The Paulk work bench is a pretty well thought out design, for a portable work bench, but for just breaking down sheets or using a track saw, I prefer a cutting table. It's just a frame of a table with banquet table legs. My table perimeter is made from 1 X 4 pine with 2 X 4 cross pieces laid flat and flush with the top edge of the 1 X 4 frame. There are five of these cross pieces, 2 near each end where needed to attach the table legs, and one in the middle for added strength. There is no metal in my table. It's all joined together with glue and biscuits. The only metal in the wood are the short screws that attach the table legs, which are an inch below the table surface, and the two screws that attach the small pieces of plywood to one long side of the table, which are more than 1 1/2" below the top surface of ther table. The table size does not need to be as large as a sheet of plywood. Mine is about 30" wide and 70" long, but it can be any size that you want it to be. Just make it at least about 2/3 the size of sheet stock so the larger, less than full size off cut pieces can remain safely on the table without needing to balance them. I just slide the sheet stock around so that the cut line is roughly centered over the table, to keep the off cuts from falling when the cut is complete. For very narrow rip cuts of the full length of the sheet I usually just do these off the edge of the table, since they are light and I can support them with one hand while operating the saw with the other. The banquet table legs are available from Harbor Freight, Northern, and other sources for about $25 per pair
To use the table, I just set it up on a flat surface (usually my driveway) and lay the piece(s) to be cut on the top of it. Since I don't have a true track saw I use an aluminum straight edge clamp and my circular saw with a zero clearance base plate on it. I set the saw to cut about 1/4" deeper than the thickness of the material that I will be cutting and then just make the cuts. The beauty of using a cutting table like this is that 1. you don't have to worry about off-cut pieces falling when the cut is complete. 2. The work is at a comfortable level 3. The kerfs made in the table pieces do not affect the table's strength. If I ever make so many kerfs in the table frame that I want to replace it, I just make another and move the legs to it. When I'm not using my cutting table, the legs fold easily and flush with the bottom of the 1 X 4 frame. I then just lean it up against my plywood stock in my shop.
The pictures attached are of my first cutting table. After 4 heart heart attacks and surgery for each, plus two knee replacements I have considerable difficulty lifting full sheets of 3/4" plywood and my heavy cutting table, so wised up and remade the table lighter by changing the outer frame from 2 X 4 to 1 X 4 and it reduced the table weight by about 18 pounds. To move full sized sheet stock around I have a wheel assembly that I place at one end under the bottom edge of the stock, and then I lift and carry the other end of the sheet to wherever I need it.
I also added two pieces of plywood on one long side of the table frame, attached off center with just one screw. I can turn these so they are below the top surface of the table, or turn them so they are above the table surface. Turning them so they are up above the surface lets me tip the table on it's side with these down against the driveway, then lean a full sheet of plywood or other sheet stock against the table surface with the bottom edge of this stock sitting on these two pieces of plywood. I can then bend down and tip both the table and the sheet stock up so the table is again on it's legs, but with the sheet stock then laying flat on the top of the table. (I added this feature to the original table and it worked so well that it's now also on my newer, lighter version of the table.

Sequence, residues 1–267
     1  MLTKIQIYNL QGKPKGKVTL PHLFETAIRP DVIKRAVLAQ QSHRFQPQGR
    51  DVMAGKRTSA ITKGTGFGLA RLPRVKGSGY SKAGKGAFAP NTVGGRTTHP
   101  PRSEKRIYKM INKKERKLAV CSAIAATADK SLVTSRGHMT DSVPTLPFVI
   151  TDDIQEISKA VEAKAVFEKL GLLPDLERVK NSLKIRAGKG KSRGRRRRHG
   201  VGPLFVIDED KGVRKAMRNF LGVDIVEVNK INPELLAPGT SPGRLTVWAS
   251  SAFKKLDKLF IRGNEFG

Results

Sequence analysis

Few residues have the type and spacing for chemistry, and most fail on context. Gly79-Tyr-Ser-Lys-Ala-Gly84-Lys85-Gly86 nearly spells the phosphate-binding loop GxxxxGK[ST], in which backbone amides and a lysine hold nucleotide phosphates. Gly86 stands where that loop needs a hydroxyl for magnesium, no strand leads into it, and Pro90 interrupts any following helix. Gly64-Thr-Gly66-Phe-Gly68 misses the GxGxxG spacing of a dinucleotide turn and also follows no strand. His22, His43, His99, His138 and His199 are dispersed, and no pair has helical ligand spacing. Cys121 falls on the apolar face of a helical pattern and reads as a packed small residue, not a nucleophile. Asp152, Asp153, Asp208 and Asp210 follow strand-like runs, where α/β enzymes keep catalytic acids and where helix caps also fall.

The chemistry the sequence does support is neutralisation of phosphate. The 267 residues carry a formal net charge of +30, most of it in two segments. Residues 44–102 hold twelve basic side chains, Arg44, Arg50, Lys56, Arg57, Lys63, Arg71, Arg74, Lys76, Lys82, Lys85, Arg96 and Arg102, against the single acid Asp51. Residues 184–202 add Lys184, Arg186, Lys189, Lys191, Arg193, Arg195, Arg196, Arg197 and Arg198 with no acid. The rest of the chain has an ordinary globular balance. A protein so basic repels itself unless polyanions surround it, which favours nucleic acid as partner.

If I ever make so many kerf cuts in the top of this table that I become unhappy with it, or worry that it's not as strong as it should be, I'll just make a new wood frame top and move the legs from the old one to the new one, but I doubt that I'll live long enough to ever need to.
Again, the attached photos are of my heavy first table. My second version uses 1 X 4 for the outer perimeter frame and 2 X 4 material for the cross pieces and it's plenty strong enough.
At a large family picnic where we ran out of table space, I set my cutting table up with a full sheet of 3/4 cabinet birch plywood on it, covered it with a table cloth, and set up folding chairs around it. Some of the guests were wondering where I had found such a large perfect table for the picnic, until I told them what was under the table cloth.
If you should need a work bench area for tool storage and you don't need this as a cutting table, a piece of plywood to cover it, and you can use it as a light duty work bench or tools and supplies table.
If I'm helping someone do some woodworking away from my shop I always take my cutting table with me. I prefer it much more than saw horses for general use woodworking.
One photo shows the bottom of my saw with my clear lexan "zero Clearance insert" attached to it. If you make one of these, you only need the "zero clearance function where the blade teeth rise up out of the cut. Notice that the opening widens out behind this so that the blade guard can still function. A single narrow slot the full length of the blade would prevent the blade guard from operating, and the saw would be very dangerous to use. If you make a zero clearance insert, make certain that the blade guard can still operate after you attach it to your saw.
Central North Carolina
Last edited by CharleyL; 09-30-2016 at 10:58 AM.